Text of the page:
"I am going, Lena. I am going to confront these scoundrels." He was surprised to feel two arms falling on his shoulders. "I thought that you — " he began.
"Yes, yes!" the girl whispered hastily.
She neither clung to him, nor yet did she try to draw him to her. Her hands grasped his shoulders, and she seemed to him to be staring into his face in the dark. And now he could see something of her face, too — an oval without features — and faintly distinguish her person, in the blackness, a form without definite lines.
"You have a black dress here, haven't you, Lena?" he asked, speaking rapidly, and so low that she could just hear him.
"Yes — an old thing."
"Very good. Put it on at once."
"Not for mourning!" Them was something peremptory in the slightly ironic murmur. "Can you find it and get into it in the dark?"
She could. She would try. He waited, very still. He could imagine her movements over there at the far end of the room; but his eyes, accustomed now to the darkness, had lost her completely. When she spoke, her voice surprised him by its nearness. She had done what he had told her to do, and had approached him, invisible.
"Good! Where's that piece of purple veil I've seen lying about?" he asked.
There was no answer, only a slight rustle.
"Where is it?" he repeated impatiently.
Her unexpected breath was on his cheek.
"In my hands."
"Capital! Listen, Lena. As soon as I leave the bungalow with that horrible scoundrel, you slip out at the back — instantly, lose no time! — and run round into the forest. That will be your time, while we are walking away, and I am sure he won't give me the slip. Run into the forest behind the fringe of bushes between the big trees. You will know, surely, how to find a place in full view of the front door. I fear for you; but in this black dress, with most of your face muffled up in that dark veil, I defy anybody to find you there before daylight. Wait in the forest till the table is pushed into full view of the doorway, and you see three candles out of four blown out and one relighted — or, should the lights be put out here while you watch them, wait till three candles are lighted and then two put out. At either of these signals run back as hard as you can, for it will mean that I am waiting for you here."
While he was speaking, the girl had sought and seized one of his hands. She did not press it; she held it loosely, as it were timidly, caressingly. It was no grasp; it was a mere contact, as if only to make sure that he was there, that he was real and no mere darker shadow in the obscurity. The warmth of her hand gave Heyst a strange, intimate sensation of all her person. He had to fight down a new sort of emotion, which almost unmanned him. He went on, whispering sternly:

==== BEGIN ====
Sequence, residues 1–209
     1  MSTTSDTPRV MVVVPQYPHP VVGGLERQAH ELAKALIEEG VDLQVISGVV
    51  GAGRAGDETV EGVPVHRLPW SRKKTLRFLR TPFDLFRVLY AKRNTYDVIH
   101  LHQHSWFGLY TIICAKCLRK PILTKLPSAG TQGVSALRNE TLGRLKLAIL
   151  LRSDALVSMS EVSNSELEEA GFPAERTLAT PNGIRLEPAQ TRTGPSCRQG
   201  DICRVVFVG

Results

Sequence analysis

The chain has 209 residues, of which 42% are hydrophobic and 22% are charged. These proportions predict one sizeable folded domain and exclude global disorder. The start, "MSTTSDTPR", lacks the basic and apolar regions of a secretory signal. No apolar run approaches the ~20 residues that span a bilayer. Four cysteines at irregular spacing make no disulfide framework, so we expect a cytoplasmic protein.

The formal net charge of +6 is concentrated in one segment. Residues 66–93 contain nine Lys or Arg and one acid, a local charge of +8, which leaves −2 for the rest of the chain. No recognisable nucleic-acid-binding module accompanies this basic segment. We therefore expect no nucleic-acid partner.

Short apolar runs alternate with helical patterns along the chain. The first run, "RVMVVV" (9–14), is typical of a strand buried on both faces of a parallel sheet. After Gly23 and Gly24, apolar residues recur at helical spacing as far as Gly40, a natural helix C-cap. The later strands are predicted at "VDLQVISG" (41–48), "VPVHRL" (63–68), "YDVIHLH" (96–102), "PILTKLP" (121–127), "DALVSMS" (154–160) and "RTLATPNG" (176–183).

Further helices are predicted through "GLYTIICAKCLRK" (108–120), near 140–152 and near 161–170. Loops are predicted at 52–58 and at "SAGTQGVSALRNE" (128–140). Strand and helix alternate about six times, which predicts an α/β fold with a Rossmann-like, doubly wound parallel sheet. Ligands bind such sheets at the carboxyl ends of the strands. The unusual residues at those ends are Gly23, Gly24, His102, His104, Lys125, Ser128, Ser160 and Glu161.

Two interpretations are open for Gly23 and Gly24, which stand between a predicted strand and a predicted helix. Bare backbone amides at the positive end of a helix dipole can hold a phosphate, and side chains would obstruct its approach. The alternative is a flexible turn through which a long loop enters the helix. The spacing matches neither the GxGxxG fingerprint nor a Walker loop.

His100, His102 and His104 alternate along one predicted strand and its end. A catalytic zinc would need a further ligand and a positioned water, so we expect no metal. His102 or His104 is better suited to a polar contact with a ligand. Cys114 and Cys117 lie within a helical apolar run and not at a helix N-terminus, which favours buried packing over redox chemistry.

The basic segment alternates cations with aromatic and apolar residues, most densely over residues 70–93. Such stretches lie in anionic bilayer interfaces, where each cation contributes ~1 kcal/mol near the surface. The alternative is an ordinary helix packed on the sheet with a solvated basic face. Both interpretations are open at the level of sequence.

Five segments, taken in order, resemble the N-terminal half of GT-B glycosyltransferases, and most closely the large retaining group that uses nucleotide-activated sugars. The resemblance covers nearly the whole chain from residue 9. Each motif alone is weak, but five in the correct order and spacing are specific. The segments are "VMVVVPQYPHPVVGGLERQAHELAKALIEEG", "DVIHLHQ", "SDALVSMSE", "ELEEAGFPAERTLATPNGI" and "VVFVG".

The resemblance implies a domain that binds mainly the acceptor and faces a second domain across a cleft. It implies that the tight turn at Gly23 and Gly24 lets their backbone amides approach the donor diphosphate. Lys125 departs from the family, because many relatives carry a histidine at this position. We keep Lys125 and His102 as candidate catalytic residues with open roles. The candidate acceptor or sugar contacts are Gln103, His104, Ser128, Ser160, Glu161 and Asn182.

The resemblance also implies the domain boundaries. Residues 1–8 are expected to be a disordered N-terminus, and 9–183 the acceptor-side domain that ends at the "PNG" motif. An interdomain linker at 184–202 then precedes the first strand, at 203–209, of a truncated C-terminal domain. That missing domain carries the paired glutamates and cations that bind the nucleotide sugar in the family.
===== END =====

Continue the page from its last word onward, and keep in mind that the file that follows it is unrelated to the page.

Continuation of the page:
"But if you see no such signals, don't let anything — fear, curiosity, despair, or hope — entice you back to this house; and with the first sign of dawn steal away along the edge of the clearing till you strike the path. Wait no longer, because I shall probably be dead."
The murmur of the word "Never!" floated into his ear as if it formed itself in the air.
"You know the path," he continued. "Make your way to the barricade. Go to Wang — yes, to Wang. Let nothing stop you!" It seemed to him that the girl's hand trembled a little. "The worst he can do to you is to shoot you, but he won't. I really think he won't, if I am not there. Stay with the villagers, with the wild people, and fear nothing. They will be more awed by you than you can be frightened of them. Davidson's bound to turn up before very long. Keep a look-out for a passing steamer. Think of some sort of signal to call him."
She made no answer. The sense of the heavy, brooding silence in the outside world seemed to enter and fill the room — the oppressive infinity of it, without breath, without light. It was as if the heart of hearts had ceased to beat and the end of all things had come.
"Have you understood? You are to run out of the house at once," Heyst whispered urgently.
She lifted his hand to her lips and let it go. He was startled.
"Lena!" he cried out under his breath.
She was gone from his side. He dared not trust himself — no, not even to the extent of a tender word.
Turning to go out he heard a thud somewhere in the house. To open the door, he had first to lift the curtain; he did so with his face over his shoulder. The merest trickle of light, earning through the keyhole and one or two cracks, was enough for his eyes to see her plainly, all black, down on her knees, with her head and arms flung on the foot of the bed — all black in the desolation of a mourning sinner. What was this? A suspicion that there were everywhere more things than he could understand crossed Heyst's mind. Her arm, detached from the bed, motioned him away. He obeyed, and went out, full of disquiet.